Angry Birds tweet fury at Redmond
Microsoft lifted our IP to flog new handset, say developers
Microsoft has upset Rovio, developer of Angry Birds, by throwing the game's icon into a list of upcoming software for Windows Phone 7 - a platform with which few brands want to be associated.
Redmond showed the scowling icon for the game in screen shots of upcoming software titles, where it was spotted by WMPowerUser. This prompted angry tweeting from Rovio, who pointed out that it has nothing against Windows Phone 7, but equally has no existing plans to port its best-selling time-filler to that platform, and furthermore, it objects to having its IP lifted.
"Only thing we said that we have not committed to do WP7 yet, we don't like others using our IP without asking," the (not angry) company tweeted.
Which is odd, given the way in which the game icon is used by all and sundry to sell themes, clocks, live wallpapers and other assorted junk apps for Android - which is still awaiting a version of the game itself (promised later this week).
One Angry Bird, though Rovio claims to be keeping its cool
But Microsoft is rather more high profile, and with Windows Phone 7 launching this afternoon, a lot of people are going to be looking at what the platform promises. If Windows Phone 7 achieves any level of success, a degree of which can be assumed given the money Microsoft is piling into it, then Rovio will no-doubt produce a port of Angry Birds, but that work is not underway and Rovio doesn't like the implicit endorsement gained by using its icon.
Quite how that hurts Rovio isn't clear - Windows Phone 7 is being sold as a consumer proposition, so will need a decent stable of games, the Microsoft PR chaps probably thought it was a reasonable assumption that Angry Birds will end up being one of them. But that fails to take into account how supportive Rovio has been of Nokia's efforts: appearing on-stage at Nokia World to wholeheartedly endorse Ovi and, by extension, Symbian.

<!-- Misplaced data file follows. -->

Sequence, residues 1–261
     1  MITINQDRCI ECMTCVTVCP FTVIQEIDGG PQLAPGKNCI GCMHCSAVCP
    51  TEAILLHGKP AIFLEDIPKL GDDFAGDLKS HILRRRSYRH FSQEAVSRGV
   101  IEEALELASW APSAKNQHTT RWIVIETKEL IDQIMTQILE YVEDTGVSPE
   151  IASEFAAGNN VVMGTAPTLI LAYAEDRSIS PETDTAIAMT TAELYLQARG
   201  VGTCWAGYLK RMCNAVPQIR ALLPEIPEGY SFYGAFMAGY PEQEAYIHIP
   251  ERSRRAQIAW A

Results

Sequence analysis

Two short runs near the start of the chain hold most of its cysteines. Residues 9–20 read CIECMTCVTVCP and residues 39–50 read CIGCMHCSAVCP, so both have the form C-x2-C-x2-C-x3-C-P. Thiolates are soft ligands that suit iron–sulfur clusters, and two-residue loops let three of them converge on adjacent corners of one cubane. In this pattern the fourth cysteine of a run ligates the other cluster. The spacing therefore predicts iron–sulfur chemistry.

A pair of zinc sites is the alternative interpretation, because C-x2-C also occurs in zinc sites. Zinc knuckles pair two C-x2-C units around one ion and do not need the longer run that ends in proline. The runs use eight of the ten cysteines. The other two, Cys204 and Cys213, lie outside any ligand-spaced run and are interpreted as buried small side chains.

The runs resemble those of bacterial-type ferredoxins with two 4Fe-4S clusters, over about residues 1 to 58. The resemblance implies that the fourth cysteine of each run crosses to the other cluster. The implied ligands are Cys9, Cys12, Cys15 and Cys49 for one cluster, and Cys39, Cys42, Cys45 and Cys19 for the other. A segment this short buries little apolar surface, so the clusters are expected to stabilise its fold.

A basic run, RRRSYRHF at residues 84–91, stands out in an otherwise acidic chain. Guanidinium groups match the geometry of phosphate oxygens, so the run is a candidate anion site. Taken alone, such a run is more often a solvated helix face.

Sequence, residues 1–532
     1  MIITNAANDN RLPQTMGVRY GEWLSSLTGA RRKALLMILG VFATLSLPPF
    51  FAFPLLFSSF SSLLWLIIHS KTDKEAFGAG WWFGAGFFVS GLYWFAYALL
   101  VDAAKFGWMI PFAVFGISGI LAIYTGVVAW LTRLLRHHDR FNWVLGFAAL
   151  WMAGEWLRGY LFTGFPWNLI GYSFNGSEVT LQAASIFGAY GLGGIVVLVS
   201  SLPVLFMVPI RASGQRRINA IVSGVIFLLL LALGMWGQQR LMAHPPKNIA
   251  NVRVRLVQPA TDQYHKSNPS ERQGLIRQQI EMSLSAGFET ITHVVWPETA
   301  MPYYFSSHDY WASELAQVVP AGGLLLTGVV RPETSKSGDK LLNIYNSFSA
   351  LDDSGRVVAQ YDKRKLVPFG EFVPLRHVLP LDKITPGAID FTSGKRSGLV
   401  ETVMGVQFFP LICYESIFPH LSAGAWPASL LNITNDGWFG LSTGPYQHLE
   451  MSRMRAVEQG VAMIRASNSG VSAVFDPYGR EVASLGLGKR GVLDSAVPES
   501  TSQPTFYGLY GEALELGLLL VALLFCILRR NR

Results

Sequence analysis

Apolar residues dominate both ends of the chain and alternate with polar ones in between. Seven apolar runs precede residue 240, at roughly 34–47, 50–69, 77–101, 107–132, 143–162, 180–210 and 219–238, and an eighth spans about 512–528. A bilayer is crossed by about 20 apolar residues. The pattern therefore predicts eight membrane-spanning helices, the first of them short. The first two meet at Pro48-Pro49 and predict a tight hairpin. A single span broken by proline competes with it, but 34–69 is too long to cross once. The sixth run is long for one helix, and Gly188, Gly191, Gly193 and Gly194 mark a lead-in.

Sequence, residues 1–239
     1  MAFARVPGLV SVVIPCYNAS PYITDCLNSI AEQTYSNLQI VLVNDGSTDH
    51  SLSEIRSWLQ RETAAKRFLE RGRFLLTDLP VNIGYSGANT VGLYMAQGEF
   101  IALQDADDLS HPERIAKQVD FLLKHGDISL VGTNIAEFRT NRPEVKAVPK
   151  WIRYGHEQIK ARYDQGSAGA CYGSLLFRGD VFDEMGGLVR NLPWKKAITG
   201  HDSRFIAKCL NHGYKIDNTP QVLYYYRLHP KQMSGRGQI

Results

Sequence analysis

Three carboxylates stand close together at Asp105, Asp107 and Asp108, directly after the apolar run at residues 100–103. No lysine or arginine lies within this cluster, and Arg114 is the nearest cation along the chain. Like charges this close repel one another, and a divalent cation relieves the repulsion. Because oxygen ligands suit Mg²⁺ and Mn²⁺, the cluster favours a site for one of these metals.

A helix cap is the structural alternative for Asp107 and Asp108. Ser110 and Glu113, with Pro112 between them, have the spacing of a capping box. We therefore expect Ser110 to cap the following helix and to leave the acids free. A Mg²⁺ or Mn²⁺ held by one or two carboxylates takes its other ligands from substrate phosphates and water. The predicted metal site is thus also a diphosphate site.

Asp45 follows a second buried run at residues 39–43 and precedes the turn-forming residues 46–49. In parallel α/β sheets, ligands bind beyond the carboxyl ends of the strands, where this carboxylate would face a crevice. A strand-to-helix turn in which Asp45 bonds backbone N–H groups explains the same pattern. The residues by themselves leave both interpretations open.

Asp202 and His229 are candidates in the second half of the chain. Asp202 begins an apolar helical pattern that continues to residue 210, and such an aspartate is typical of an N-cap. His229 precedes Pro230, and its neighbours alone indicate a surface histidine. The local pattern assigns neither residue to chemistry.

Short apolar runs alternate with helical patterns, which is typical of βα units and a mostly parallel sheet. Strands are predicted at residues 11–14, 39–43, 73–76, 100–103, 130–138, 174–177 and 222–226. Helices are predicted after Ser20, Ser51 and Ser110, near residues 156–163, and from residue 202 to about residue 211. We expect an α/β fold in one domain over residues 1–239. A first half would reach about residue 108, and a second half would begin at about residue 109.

Enthusiasm like that is hard to come by, and Ovi's ability to support additional features - evidenced by the Eagle option - is a key differentiator in an increasingly commoditised market. Rovio's support of Nokia was very public, and it would confuse matters (and, perhaps more importantly, upset Nokia) to provide similar endorsement to Windows Phone 7.
We're not yet at the stage where a customer will pick a phone based on the software it runs, but we're not that far from it either, so having a back of Angry Birds on your side could be important - even if you're worried about more than porcine larceny. ®
Don't understand the confusion
Are people really finding it that hard to see Rovio's angle? I don't want to be associated with Windows Phone 7. I don't want large corporates insinuating that I'm going to develop for it. Regardless of these issues, I object to large corporates taking my intellectual property and using it in a deceitful manner to sell their products without my permission.
No? Microsoft the good guys here, and Rovio's tweet on the subject a massive overreaction? Don't get that. Not in the slightest.
This is why they're pissed off...
I think this could explain why Rovio are pissed off that MS used their IP (even if the game itself isn't original, the graphics are their own and MS pinched the icon not just the name of the game).
Imagine you're (stupid enough to be) considering buying a Windows-based Smart Phone - if that's not an oxymoron then I don't know what is - and you're looking at the apps that are available / coming soon to help you decide whether to buy it or not. Contrary to the article's author, I know plenty of people that bought an iPhone specifically because of the apps.
So, you see that Angry Birds... that game that all the iPhone owners rave about, and that El Reg covered when it was announced for Android... is available for Windows Mobile. That sounds promising... software vendors are taking this phone OS seriously after all, and it won't be a wasted purchase that ends up in the kitchen drawer along with the N-Gage. So you buy the phone and tie yourself in to a 24-month contract.
However, then you find out that Angry Birds isn't available on the WIndows equivalent of the App Store / Market Place. It's not just delayed, the game isn't even being made for your new phone... in fact that's not the only game or app that's not gonna work on it.
So, who do you blame for this? Are you more likely to think that it's Microsoft who used the logo without asking first, or are you gonna think that Rovio are being bastards and backing out of a (non-existant) deal that you'd banked on happening? My money is on people blaming Rovio for this happening, not Microsoft... so when they next buy another phone, Android or iPhone most likely, and can get games from Rovio they're gonna remember that they got their fingers burnt with that Windows phone that had no apps or games - all because Rovio backed out of releasing Angry Birds for Windows. There's no way that Rovio will get that person's money now.
So Rovio will lose out on potential sales because Microsoft - not Rovio - fooled punters into buying a phone running their dodgy OS.
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Microsoft: "You will port your game to our system"
Rovio: "We're not planning to"
Microsoft: "OK, we'll tell everyone that you are porting it and then you'll have to"